A number of content deals is pointing to an intensifying battle between the various makers of e-readers devices
In a sign of the rising competition in the e-reader space, Sony has signed a deal with News Corp to make content from the Wall Street Journal, MarketWatch and the New York Post available on its e-readers.
Amazon.com and Barnes & Noble already offer periodical content on their respective Kindle and Nook lines, while other companies such as Plastic Logic are reportedly in talks with publishing companies.
According to Reuters, Sony will offer monthly subscriptions to the Wall Street Journal for $14.99 (£9.32), MarketWatch for $10.99 (£6.83) and the New York Post for $9.99 (£6.21).
Meanwhile, Amazon.com claimed that December was the best sales month so far for the Kindle line, and said it would ship the device on an expedited basis to customers for free. However, the online retailer continued its tradition of refusing to break out exact sales figures. Amazon.com CEO Jeff Bezos has previously been quoted as saying sales of the Kindle and associated e-books account for roughly 35 percent of the company’s book-related revenue.
A 1 December research note by financial advisory group Collins Stewart estimated that Amazon.com could sell as many as 550,000 Kindle devices in 2009. The note’s chief author, Sandeep Aggarwal, broke that down as 450,000 Kindle 2 devices and 100,000 Kindle DX devices, although there was no mention of how those figures were reached.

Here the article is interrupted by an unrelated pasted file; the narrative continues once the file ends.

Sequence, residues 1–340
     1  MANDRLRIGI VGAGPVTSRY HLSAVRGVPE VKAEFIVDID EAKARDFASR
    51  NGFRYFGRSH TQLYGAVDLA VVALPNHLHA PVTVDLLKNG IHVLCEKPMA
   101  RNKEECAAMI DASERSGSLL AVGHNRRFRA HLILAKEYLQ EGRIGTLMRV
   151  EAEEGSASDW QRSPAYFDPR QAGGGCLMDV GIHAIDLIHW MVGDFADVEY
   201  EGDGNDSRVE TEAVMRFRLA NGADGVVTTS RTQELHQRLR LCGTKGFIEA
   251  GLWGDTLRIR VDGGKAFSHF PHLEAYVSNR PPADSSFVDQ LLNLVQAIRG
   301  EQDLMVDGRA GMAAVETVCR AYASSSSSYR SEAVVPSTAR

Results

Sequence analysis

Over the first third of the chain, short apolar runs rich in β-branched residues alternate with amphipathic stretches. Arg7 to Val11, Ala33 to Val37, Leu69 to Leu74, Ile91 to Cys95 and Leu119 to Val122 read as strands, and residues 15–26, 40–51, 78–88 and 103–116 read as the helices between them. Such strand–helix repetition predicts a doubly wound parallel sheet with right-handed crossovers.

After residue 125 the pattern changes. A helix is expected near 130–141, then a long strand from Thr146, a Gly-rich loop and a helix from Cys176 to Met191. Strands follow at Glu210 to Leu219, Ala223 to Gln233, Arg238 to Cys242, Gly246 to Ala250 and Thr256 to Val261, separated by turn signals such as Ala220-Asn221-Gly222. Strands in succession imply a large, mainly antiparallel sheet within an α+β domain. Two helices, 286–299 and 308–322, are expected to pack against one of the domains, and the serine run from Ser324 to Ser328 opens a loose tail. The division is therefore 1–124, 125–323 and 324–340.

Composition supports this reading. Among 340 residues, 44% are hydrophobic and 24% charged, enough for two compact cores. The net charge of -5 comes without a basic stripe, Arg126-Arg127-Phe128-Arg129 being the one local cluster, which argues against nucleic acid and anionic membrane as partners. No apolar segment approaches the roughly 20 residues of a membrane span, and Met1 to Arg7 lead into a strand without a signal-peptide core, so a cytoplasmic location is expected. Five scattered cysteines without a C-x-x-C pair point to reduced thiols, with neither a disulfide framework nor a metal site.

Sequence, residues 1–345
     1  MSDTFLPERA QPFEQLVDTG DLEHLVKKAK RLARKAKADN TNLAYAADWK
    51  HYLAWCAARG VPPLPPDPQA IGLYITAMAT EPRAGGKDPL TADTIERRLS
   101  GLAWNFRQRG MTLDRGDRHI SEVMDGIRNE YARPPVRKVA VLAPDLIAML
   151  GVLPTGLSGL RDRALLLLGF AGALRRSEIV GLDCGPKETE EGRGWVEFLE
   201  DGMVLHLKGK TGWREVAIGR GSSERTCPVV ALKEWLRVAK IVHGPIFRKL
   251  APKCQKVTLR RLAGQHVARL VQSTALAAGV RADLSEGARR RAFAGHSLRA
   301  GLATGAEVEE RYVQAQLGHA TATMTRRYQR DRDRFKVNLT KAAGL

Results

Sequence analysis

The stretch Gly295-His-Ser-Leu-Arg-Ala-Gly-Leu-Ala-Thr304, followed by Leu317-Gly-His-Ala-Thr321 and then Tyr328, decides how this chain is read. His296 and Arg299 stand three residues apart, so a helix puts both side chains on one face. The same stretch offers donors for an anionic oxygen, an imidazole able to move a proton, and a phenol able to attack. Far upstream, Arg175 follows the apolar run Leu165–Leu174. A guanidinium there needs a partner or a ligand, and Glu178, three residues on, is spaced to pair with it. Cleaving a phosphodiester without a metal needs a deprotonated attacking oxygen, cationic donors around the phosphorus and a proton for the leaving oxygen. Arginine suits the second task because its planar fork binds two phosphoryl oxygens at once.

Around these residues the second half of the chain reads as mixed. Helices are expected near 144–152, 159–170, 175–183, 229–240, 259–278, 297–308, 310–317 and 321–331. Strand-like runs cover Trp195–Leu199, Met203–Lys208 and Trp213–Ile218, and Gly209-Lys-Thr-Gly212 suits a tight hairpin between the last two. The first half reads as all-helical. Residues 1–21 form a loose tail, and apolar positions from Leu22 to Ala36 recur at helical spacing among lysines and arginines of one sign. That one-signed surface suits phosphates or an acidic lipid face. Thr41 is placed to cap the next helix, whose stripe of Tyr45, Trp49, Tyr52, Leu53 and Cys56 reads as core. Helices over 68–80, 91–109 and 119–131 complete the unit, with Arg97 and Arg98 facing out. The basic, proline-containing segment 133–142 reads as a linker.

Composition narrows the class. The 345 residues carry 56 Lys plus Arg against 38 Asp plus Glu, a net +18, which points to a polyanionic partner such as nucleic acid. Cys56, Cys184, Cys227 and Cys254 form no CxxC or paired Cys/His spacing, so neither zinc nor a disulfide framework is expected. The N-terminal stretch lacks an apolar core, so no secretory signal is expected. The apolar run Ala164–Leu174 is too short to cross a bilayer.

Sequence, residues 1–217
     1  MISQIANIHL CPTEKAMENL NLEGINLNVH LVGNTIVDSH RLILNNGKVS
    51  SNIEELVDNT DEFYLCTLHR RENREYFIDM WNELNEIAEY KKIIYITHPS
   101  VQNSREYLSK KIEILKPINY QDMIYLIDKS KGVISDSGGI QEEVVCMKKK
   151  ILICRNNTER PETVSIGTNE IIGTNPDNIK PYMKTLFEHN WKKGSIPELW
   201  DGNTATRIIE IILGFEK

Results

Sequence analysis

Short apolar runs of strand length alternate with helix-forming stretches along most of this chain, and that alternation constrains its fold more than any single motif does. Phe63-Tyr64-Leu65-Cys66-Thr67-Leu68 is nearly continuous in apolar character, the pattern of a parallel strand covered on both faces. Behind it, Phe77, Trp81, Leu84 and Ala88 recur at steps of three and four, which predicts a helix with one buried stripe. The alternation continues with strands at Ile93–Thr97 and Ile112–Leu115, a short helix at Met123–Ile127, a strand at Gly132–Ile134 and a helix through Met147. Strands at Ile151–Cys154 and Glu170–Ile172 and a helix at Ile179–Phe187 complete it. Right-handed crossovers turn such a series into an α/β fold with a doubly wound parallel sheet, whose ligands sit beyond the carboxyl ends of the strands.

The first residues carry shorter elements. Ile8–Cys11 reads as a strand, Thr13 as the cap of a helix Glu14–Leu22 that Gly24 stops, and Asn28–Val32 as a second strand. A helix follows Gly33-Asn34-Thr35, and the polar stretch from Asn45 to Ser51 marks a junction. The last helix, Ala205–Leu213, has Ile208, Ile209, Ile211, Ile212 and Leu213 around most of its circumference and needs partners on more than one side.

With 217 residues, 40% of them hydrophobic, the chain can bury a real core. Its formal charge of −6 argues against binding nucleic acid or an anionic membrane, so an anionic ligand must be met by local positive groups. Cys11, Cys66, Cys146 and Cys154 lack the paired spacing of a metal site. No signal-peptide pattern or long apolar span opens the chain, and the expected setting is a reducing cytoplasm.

Overall, Aggarwal predicted about $301.4 million (£187 million) in Kindle revenue in 2009, increasing to $671.4 million (£418 million) in 2010, $1.2 billion (£746 million) in 2011 and $1.8 billion (£1.2 billion) in 2012.
Earlier in the year, a report from Forrester Research predicted that about 3 million units would be sold in the United States in 2009, although that was before the introduction of Barnes & Noble’s Nook and the massive holiday-related marketing push by Amazon.com. The increased competition between device makers has been driving the price of e-readers down, with Amazon.com reducing the price of the Kindle 2 to $259 (£161) to match that of the Nook. Sony’s e-readers retail roughly within that range. Amazon.com and Barnes & Noble have also been introducing applications that port their e-reader functionality onto devices such as the iPhone in an attempt to gain a little more market share and mind share.
“The cost of the display component is high and sales volumes are still modest, yet consumers demand and expect ever-lower prices,” Sarah Rotman Epps, a Forrester analyst, wrote in the 1 September research report. “The bottom line: E-reader product strategists will have to educate consumers and innovate to bring prices down. Even if they are entirely successful at both these feats, e-readers will never be mass-market devices like MP3 players.”
If manufacturers want e-readers to become ubiquitous within the marketplace, Epps added, the price will have to come down drastically, perhaps even to as low as $50 (£31). At that point, though, the relatively high cost of components would become a larger factor, possibly forcing manufacturers to seek what Epps referred to as a “subsidy.”